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It’s the time Indian Classical Musicians stop underestimating their own art form!

What’s art?

Is it an activity that we do repetitively to entertain ourselves and others?

Is it a vocation? Where we sing or dance or play with a few stretched strings to make a living out of it?

Or is it a ladder to climb up the ever increasing heights of our own ego?

More importantly, can art be same for each artist? And is it necessary that it serves the same role in lives of the audience that it does in the lives of the presenters of the art?

When one looks at any art and especially Indian Classical Music in the light of above questions, one will realise that it is very difficult to realise the full potential of this art form, even for those who practice it for their lifetimes.

Let me give you an example. What is sun? For a little kid who knows nothing of the world, it is just a red ball; probably a lollypop. As we grow up a bit, it is the sun – which does the arduous job of defining day and night for us. As we grow up a bit more, we realise that sun is what drives us. It is our source of energy. It is the very foundation of our survival. Our experiences and knowledge decide how we perceive things.

In same way, art can be looked at from different levels. Many will say that Indian Classical Music is like a prayer for them. While saying this, many conveniently forget that we do not pray to get fame for ourselves or in a prayer, there are no rivalries. A prayer has absolutely zero scope to show our intelligence and knowledge.

Many artists will say it’s their passion; something which they like as well as something which earns them a living.

For many, whatever they call it is, it’s the only thing they can do apart from basic reading and writing.

While I do not want to choose which answer is right and wrong, as it is an impossible task in itself, all these answers are from the perspective of the performer or the practitioner of the art.

What is Indian Classical Music, or rather, what role could Indian Classical Music play in the life of its audience? What’s in it for a kid whose parents barely manage sending him or her to school? What’s in it for a new born baby? for a coder who spends ten hours of his day in an artificial and stressful environment? What’s in it for a parent?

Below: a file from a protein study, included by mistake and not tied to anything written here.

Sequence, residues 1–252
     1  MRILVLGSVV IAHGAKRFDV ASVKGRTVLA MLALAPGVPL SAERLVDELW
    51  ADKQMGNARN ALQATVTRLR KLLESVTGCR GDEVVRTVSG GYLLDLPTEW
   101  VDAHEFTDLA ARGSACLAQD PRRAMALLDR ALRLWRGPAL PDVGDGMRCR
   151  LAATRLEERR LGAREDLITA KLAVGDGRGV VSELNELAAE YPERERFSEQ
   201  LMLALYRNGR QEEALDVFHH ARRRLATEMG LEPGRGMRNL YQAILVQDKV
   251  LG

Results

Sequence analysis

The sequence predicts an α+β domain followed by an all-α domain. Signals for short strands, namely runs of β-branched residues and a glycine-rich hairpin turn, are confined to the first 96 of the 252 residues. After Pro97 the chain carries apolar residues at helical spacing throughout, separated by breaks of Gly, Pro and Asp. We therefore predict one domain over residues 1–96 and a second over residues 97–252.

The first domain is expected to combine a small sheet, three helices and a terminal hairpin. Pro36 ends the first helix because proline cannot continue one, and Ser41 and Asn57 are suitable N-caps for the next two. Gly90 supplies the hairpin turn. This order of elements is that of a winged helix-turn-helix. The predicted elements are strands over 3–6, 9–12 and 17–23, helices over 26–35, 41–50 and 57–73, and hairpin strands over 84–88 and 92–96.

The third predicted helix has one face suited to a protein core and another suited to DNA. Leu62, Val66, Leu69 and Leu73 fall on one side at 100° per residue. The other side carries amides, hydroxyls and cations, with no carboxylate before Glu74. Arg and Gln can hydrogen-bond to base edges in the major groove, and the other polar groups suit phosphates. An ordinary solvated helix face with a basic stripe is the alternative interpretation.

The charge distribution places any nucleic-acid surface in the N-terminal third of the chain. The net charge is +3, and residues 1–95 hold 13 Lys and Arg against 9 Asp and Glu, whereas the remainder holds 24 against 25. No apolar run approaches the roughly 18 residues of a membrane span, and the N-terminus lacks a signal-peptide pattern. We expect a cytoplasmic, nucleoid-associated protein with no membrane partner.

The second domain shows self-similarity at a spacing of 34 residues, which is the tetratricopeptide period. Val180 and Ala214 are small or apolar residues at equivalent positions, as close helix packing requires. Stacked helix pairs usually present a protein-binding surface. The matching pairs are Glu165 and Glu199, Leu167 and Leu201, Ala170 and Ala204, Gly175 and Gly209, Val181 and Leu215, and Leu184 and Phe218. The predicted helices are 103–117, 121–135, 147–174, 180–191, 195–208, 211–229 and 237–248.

For any art, especially when it is a performing art, audience is as important as the performer. While artists spend so much time thinking about what role art plays in their life, do we really think about what our art has to offer to each of these audience members which at times cluelessly come to concerts?

It was quite a controversy when someone tried patenting turmeric. Indians suddenly woke up; we have been using turmeric for thousands of years may be. How can someone patent it?

Quite often, due to conditioning – by media, by peers, etc. or because of abundance of something, we start underestimating it.

Thanks to my mentors, as I get properly introduced to Indian wisdom, let it be about food, exercise, medicine, music or anything in general, I realise that our forefathers rarely discussed ‘why’. They just told us what to do but never told us why do it. In the age of science, reason and logic, lack of why was conveniently equated to absence of substance. As westerners take more and more efforts to study Indian wisdom, interesting things are surfacing up. Sadly, even now, when someone is throwing the ‘why’ right on our faces, we are unable to realise the significance and value of our own tradition. The same applies to the art of Indian Classical Music.

While so much research is popping up which clearly highlights the impact of music on brain development like this Swiss Study, we see a stark lack of awareness about all these things in young and even senior musicians who have been practising Indian Classical Music full time.

What happens in your brain when you are singing? Which neurones get fired up? Which centres are activated? How they communicate with each other? While western researchers are putting their best to study and document all these effects, the musicians will turn blank if you ask them these questions. I do not expect musicians to know about neurology but in today’s age, they should at least know how practising their art form helps the practitioner.

Through Baithak Foundation, we have been lucky to host more than 60 talented artists in schools and construction sites and thanks to community support, the work is expanding; but, as my general observation goes, most of the artists look at themselves just as performers and not as agents of transformation. Have they ever tasted the experienced the transformational power of music?